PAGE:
Commentary Magazine

Reenacting Evil

In the midst of last year’s election season, the website of the Atlantic revealed that Richard Iott, then Republican nominee for Ohio’s 9th Congressional District, had an unusual hobby. He liked to dress in SS uniforms.

Iott is not, in either his political or recreational capacity, a neo-Nazi. Rather, he is a World War II reenactor, one of thousands of Americans who devote extraordinary amounts of time and resources to the meticulous simulation of key moments from that war. Whether dressed as storm troopers or G.I.s, reenactors produce exquisitely detailed battle facsimiles that are (in their minds) divorced entirely from politics, ideology, and the larger currents of history. Obsessed with the minutiae of period military life, they show up to look, sound, and act like the fighting men of an earlier generation—nothing more. Carl von Clausewitz’ famous line, “War is the continuation of politics by other means,” does not resonate with Iott and his fellow hobbyists.

Nevertheless, the news of Iott’s particular interest in World War II caused something of a political uproar. Several prominent Jewish and non-Jewish Republicans quickly denounced him. Matt Brooks, the director of the Republican Jewish Coalition declared that Iott’s “Nazi-focused historical reenactments,” in fact, “showed that he clearly lacks the judgment we should expect of lawmakers,” and the National Republican Congressional Committee took him off its online list of preferred candidates.

There is something decidedly not innocent about innocent Nazi-play, even if those involved have no philosophical affinity with the Third Reich. In fact, there is something altogether unsatisfying in the very claim of innocence, no matter how sterling the non-fascist credentials of the reenactor. To articulate what that something is, one needs a fuller sense of what purpose such battle reenactments serve.

The American “Living Reenactment” or “Living History” movement has some obvious allures. War is one of history’s most fascinating phenomena. Undoubtedly, it is also good fun to put on old-fashioned uniforms, carry authentic-looking gear, and emulate war heroes. During weekend outings, like-minded individuals get to collaborate on the restaging of famous battles. And, as with all social enclaves, group-affiliation is a powerful force; the more earnest members condemn as “farbies” (false or inadequately turned-out reenactors) anyone whose uniform is made from fabric with a thread count different from that used in the original.

Of course, war reenactment is not new. Practitioners have been depicting the battles of the Civil War and the American Revolution since the eras in which those wars were actually fought. And both wars remain extremely popular among the Living History set. The standard estimate of the number of Civil War reenactors is 50,000. In 1998, on the 135th anniversary of the battle of Gettysburg, 30,000 to 40,000 individuals directly participated in a re-creation, with another 50,000 looking on; this is generally considered the largest event of the kind ever held, anywhere. Revolutionary War reenactments are far smaller, with the major organizations having a combined membership of about 5,000.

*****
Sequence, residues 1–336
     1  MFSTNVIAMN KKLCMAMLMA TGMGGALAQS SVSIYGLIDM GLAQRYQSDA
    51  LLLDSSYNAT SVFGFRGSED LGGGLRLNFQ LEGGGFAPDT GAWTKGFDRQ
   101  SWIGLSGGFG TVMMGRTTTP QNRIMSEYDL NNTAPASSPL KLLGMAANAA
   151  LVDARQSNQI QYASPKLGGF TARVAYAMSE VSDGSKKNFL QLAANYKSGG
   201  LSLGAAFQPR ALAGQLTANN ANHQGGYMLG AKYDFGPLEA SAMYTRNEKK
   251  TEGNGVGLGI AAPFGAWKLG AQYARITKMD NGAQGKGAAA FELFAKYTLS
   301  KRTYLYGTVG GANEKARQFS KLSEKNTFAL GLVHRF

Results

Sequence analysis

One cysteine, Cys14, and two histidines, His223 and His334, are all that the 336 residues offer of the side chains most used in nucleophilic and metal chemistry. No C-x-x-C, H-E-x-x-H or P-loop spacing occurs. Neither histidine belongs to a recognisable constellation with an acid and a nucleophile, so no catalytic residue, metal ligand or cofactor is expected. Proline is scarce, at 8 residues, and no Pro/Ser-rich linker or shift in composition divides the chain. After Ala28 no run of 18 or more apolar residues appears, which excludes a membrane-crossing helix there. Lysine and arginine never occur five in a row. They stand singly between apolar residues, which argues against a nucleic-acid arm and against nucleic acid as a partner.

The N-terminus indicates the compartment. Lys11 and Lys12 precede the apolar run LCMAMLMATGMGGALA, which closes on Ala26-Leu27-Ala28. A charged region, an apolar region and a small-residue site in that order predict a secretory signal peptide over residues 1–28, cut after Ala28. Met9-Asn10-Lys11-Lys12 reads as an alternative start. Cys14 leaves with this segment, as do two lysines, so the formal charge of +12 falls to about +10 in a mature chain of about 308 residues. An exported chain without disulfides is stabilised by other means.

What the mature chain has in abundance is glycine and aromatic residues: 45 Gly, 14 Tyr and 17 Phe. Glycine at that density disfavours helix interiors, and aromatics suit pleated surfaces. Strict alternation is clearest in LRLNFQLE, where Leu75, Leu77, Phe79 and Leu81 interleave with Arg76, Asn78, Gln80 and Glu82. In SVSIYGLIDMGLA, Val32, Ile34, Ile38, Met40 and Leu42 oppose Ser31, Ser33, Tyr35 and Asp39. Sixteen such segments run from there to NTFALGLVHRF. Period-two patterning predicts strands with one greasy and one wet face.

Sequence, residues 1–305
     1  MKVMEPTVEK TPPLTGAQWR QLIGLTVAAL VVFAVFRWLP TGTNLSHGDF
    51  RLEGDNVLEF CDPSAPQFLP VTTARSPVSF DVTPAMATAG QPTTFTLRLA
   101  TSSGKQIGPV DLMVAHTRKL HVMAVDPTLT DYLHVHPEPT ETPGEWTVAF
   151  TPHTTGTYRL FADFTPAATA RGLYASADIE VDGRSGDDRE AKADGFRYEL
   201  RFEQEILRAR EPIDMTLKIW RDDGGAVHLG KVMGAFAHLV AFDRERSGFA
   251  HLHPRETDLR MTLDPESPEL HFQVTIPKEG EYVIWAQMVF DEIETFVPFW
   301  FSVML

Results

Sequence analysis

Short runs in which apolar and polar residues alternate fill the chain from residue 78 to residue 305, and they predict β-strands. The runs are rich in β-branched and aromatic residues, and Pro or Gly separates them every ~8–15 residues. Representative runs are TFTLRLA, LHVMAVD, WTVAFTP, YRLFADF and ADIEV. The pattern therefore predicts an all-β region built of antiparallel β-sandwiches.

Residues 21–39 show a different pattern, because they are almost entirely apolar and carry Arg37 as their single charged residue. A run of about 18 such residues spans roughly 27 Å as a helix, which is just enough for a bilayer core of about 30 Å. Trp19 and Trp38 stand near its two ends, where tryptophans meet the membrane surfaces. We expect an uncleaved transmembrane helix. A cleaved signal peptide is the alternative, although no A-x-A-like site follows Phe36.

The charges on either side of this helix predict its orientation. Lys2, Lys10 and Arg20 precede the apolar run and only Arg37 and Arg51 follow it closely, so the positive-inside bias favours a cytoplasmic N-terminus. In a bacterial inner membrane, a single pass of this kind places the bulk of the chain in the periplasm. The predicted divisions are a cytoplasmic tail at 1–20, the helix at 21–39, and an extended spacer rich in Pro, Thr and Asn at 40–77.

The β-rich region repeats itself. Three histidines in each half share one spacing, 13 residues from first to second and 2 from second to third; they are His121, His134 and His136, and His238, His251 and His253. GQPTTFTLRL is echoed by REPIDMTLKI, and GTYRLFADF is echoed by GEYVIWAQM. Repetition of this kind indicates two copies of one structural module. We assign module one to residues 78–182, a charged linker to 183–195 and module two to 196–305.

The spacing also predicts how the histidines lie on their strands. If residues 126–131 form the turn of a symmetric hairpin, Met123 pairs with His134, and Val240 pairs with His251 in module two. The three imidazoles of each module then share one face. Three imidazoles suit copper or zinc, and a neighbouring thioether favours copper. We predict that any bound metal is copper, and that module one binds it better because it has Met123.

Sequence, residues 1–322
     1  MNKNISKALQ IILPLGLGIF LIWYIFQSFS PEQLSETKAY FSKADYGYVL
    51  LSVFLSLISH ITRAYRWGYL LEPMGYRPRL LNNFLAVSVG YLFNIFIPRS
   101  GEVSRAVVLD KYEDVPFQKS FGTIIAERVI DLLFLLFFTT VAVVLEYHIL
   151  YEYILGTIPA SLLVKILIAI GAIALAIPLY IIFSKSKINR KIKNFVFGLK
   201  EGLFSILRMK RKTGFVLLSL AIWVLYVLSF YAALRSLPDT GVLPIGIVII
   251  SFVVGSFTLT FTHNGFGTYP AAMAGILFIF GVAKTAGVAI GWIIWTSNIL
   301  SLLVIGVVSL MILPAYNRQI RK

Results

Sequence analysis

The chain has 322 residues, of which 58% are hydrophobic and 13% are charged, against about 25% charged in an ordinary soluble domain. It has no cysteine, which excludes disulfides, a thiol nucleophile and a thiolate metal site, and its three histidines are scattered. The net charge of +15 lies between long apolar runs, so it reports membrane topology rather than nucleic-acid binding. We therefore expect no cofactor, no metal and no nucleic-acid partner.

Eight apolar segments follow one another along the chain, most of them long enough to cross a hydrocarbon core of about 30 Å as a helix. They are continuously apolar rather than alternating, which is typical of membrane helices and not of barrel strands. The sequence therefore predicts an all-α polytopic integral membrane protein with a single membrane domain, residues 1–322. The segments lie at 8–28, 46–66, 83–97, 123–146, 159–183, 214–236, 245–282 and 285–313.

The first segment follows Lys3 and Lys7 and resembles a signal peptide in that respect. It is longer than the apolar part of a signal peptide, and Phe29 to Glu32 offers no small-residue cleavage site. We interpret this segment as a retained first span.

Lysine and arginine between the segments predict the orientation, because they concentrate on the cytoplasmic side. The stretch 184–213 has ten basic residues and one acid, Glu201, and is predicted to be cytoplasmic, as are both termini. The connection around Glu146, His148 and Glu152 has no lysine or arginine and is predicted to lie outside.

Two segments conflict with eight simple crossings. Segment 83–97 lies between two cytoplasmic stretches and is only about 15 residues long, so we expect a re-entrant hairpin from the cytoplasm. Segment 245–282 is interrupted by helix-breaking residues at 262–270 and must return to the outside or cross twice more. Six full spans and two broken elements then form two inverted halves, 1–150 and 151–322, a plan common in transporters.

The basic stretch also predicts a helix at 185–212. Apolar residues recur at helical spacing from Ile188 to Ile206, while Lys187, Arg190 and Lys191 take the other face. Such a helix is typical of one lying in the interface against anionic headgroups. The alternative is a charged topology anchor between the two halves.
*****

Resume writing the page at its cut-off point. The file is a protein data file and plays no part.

American reenactments of the First and Second World Wars began much later, largely because those wars weren’t fought in the United States. Any battlefield study or attendant memorial pageantry has occurred in what were those wars’ European and Pacific theaters. So it was not until the 1970s, when America’s first World War I and II reenactments were staged. In her 2004 book, War Games, Jenny Thompson estimated that there were 6,000 members in World War II reenactment groups nationwide. The numbers stretch somewhat beyond this, however, if one includes spectators and smaller groups that are not part of the official reenactment movement.

With a few horrific exceptions, members of World War II reenactment groups are not neo-fascists. Although many dress in Wehrmacht and SS uniforms, they express heartfelt condemnations of Adolf Hitler and would be appalled by any violence carried out against ethnic groups. They are far more interested in researching which belt buckle was fielded in which year than in investigating the animating ideas behind the German war machine. The dedication shown to small details can produce impressive results.

An anecdote from Thompson’s book makes this clear. A major World War II group permitted Thompson to study one of its events as long as she asked questions and took notes in the role of “war correspondent.” Reenactors outfitted her with the required uniform and gear and even arranged for a letter to be delivered to her from her supposed newspaper during mail call on the eve of battle. Among the studied details contributing to the undertaking’s verisimilitude, Thompson noted, was that the participants snacked on Tootsie Rolls, which were in circulation during World War II. Twix, a later creation, were verboten.

Authentic candies are one thing; authentic enemies are another. Someone—in fact, many—must play the Nazi. And they must embrace the role, which means more than donning the correct regalia, including swastikas and SS runes. It means singing German military songs, for example, and generally composing oneself in a way that reflects an accurate understanding of SS culture. To consider that some type of camaraderie is built up among American reenactors singing “Deutschland über Alles” is to recognize signs of a fatal flaw in the reenactors’ claim that they exist outside of ideology.

In her book, Thompson conducts a lengthy interview with a Nazi-portraying reenactor who claims to have “no connection at all with the ideology of the Nazi,” and resents being associated with the Hitler regime “because obviously that’s the worst thing you can call somebody.” Interestingly, he also states that he does not know “why, out of all the people are we—why do we have this deep-rooted fascination with that subject matter.”